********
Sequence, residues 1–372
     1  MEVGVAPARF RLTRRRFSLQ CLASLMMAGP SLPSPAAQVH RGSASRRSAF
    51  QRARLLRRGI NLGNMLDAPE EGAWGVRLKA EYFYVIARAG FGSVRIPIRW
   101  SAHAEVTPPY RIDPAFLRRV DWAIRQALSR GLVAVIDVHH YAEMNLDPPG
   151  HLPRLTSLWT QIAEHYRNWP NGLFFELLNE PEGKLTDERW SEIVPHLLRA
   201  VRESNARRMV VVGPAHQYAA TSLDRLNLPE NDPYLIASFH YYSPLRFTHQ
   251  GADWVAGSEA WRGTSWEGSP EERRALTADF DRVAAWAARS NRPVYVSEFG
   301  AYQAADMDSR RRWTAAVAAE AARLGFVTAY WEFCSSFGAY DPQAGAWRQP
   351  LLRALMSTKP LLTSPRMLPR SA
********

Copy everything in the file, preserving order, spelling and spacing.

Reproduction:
Sequence, residues 1–372
     1  MEVGVAPARF RLTRRRFSLQ CLASLMMAGP SLPSPAAQVH RGSASRRSAF
    51  QRARLLRRGI NLGNMLDAPE EGAWGVRLKA EYFYVIARAG FGSVRIPIRW
   101  SAHAEVTPPY RIDPAFLRRV DWAIRQALSR GLVAVIDVHH YAEMNLDPPG
   151  HLPRLTSLWT QIAEHYRNWP NGLFFELLNE PEGKLTDERW SEIVPHLLRA
   201  VRESNARRMV VVGPAHQYAA TSLDRLNLPE NDPYLIASFH YYSPLRFTHQ
   251  GADWVAGSEA WRGTSWEGSP EERRALTADF DRVAAWAARS NRPVYVSEFG
   301  AYQAADMDSR RRWTAAVAAE AARLGFVTAY WEFCSSFGAY DPQAGAWRQP
   351  LLRALMSTKP LLTSPRMLPR SA